Jennifer Sleeman and Tim Finin, Taming Wild Big Data, AAAI Fall Symposium on Natural Language Access to Big Data, Nov. 2014.
Wild Big Data is data that is hard to extract, understand, and use due to its heterogeneous nature and volume. It typically comes without a schema, is obtained from multiple sources and provides a challenge for information extraction and integration. We describe a way to subduing Wild Big Data that uses techniques and resources that are popular for processing natural language text. The approach is applicable to data that is presented as a graph of objects and relations between them and to tabular data that can be transformed into such a graph. We start by applying topic models to contextualize the data and then use the results to identify the potential types of the graph’s nodes by mapping them to known types found in large open ontologies such as Freebase, and DBpedia. The results allow us to assemble coarse clusters of objects that can then be used to interpret the link and perform entity disambiguation and record linking.
A free PDF version of the new second edition of Mining of Massive Datasets by Anand Rajaraman, Jure Leskovec and Jeffey Ullman is available. New chapters on mining large graphs, dimensionality reduction, and machine learning have been added. Related material from Professor Leskovec’s recent Stanford course on Mining Massive Data Sets is also available.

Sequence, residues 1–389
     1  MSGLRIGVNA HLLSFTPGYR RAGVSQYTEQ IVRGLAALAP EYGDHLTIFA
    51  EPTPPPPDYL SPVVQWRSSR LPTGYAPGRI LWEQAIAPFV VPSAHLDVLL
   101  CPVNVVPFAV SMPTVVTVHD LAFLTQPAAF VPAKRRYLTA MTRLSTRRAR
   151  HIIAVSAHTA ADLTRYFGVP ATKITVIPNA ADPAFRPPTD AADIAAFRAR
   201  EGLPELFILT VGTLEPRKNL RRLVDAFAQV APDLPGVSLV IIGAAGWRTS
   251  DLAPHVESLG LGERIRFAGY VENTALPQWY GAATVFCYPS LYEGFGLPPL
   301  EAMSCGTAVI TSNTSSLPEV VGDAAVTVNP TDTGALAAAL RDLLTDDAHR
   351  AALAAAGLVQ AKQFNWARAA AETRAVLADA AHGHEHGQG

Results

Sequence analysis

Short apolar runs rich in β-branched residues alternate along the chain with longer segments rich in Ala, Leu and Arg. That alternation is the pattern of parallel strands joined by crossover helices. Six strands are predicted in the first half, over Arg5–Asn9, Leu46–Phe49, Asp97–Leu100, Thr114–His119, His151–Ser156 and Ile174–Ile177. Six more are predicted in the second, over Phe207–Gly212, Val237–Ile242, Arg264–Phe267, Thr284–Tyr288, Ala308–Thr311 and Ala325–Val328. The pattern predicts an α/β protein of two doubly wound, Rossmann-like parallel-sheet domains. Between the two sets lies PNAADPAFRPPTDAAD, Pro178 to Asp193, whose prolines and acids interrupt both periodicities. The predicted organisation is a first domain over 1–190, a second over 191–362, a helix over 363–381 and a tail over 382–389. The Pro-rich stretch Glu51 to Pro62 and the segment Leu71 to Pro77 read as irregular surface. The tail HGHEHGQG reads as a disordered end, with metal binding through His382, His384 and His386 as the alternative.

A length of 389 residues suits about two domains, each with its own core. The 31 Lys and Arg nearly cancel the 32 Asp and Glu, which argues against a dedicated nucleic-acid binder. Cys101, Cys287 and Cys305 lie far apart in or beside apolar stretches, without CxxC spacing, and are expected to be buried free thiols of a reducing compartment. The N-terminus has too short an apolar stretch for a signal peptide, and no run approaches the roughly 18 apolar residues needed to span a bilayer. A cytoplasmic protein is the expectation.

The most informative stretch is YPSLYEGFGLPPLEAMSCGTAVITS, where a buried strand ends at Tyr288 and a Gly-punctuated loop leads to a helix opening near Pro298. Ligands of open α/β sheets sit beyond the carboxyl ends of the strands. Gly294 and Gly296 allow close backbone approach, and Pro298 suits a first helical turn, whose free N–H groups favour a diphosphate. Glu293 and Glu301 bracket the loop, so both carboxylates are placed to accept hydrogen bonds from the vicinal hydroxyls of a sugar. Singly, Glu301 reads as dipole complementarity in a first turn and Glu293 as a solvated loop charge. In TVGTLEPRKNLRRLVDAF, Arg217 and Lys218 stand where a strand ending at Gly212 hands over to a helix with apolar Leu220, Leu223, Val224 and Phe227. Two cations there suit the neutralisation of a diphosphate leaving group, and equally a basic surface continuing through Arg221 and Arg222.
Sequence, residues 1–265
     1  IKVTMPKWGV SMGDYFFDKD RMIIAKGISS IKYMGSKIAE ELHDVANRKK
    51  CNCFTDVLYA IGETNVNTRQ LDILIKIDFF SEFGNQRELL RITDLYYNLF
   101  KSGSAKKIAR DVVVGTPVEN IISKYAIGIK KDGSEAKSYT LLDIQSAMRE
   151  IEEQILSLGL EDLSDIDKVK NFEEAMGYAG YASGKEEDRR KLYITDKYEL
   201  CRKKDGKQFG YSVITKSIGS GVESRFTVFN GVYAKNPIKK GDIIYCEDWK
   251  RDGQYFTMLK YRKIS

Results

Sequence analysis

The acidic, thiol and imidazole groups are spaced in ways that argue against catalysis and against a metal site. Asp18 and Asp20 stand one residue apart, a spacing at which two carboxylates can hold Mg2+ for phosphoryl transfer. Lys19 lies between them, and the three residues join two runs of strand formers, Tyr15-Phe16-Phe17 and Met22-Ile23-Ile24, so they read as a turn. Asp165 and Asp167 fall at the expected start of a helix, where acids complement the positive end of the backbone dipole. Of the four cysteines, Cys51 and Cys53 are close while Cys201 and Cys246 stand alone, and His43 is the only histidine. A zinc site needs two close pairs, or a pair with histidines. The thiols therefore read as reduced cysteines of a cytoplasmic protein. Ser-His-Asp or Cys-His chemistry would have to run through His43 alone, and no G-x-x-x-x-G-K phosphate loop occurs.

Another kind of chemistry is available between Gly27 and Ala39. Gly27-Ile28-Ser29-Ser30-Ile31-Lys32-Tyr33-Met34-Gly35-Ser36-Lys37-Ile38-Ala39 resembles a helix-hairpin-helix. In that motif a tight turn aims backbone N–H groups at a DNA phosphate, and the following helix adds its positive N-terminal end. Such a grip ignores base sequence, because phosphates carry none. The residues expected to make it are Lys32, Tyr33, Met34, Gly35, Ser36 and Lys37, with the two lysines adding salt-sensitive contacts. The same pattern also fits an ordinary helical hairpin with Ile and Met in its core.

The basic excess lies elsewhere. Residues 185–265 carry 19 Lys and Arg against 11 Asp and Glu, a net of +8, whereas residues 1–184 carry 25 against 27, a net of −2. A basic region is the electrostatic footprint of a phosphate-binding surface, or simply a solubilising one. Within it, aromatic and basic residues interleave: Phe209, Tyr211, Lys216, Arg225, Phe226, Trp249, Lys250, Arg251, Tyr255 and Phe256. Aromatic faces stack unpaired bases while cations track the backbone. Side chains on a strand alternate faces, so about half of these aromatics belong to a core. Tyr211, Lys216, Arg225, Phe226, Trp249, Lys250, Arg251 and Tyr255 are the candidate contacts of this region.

“President Obama signed an Executive Order directing historic steps to make government-held data more accessible to the public and to entrepreneurs and others as fuel for innovation and economic growth. Under the terms of the Executive Order and a new Open Data Policy released today by the Office of Science and Technology Policy and the Office of Management and Budget, all newly generated government data will be required to be made available in open, machine-readable formats, greatly enhancing their accessibility and usefulness, while ensuring privacy and security.”
While the policy doesn’t mention adding semantic markup to enhance machine understanding, calling for machine-readable datasets with persistent identifiers is a big step forward.
The dataset consists of over 386M blog posts, news articles, classifieds, forum posts and social media content in a month including events such as the Tunisian revolution and the Egyptian protests. The content includes the syndicated text, its original HTML as found on the web, annotations and metadata (e.g., author information, time of publication and source URL), and boilerplate/chrome extracted content. The data is formatted as Spinn3r’s protostreams – an extension to Google protobuffers. It is also broken down by date, content type and language making it easy to work with selected data.